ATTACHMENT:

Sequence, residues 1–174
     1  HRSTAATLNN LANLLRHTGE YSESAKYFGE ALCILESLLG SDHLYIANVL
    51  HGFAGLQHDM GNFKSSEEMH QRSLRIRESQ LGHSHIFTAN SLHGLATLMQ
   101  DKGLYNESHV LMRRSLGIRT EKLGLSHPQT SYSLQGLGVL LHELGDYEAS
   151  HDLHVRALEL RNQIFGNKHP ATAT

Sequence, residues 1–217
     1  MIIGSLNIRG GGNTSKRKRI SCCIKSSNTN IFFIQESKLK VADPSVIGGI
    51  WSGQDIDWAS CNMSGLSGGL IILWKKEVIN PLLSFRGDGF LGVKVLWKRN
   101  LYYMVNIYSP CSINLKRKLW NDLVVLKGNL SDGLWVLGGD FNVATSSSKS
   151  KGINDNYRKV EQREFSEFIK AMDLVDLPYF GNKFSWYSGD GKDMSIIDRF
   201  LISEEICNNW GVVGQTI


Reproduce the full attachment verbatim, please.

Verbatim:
Sequence, residues 1–174
     1  HRSTAATLNN LANLLRHTGE YSESAKYFGE ALCILESLLG SDHLYIANVL
    51  HGFAGLQHDM GNFKSSEEMH QRSLRIRESQ LGHSHIFTAN SLHGLATLMQ
   101  DKGLYNESHV LMRRSLGIRT EKLGLSHPQT SYSLQGLGVL LHELGDYEAS
   151  HDLHVRALEL RNQIFGNKHP ATAT

Sequence, residues 1–217
     1  MIIGSLNIRG GGNTSKRKRI SCCIKSSNTN IFFIQESKLK VADPSVIGGI
    51  WSGQDIDWAS CNMSGLSGGL IILWKKEVIN PLLSFRGDGF LGVKVLWKRN
   101  LYYMVNIYSP CSINLKRKLW NDLVVLKGNL SDGLWVLGGD FNVATSSSKS
   151  KGINDNYRKV EQREFSEFIK AMDLVDLPYF GNKFSWYSGD GKDMSIIDRF
   201  LISEEICNNW GVVGQTI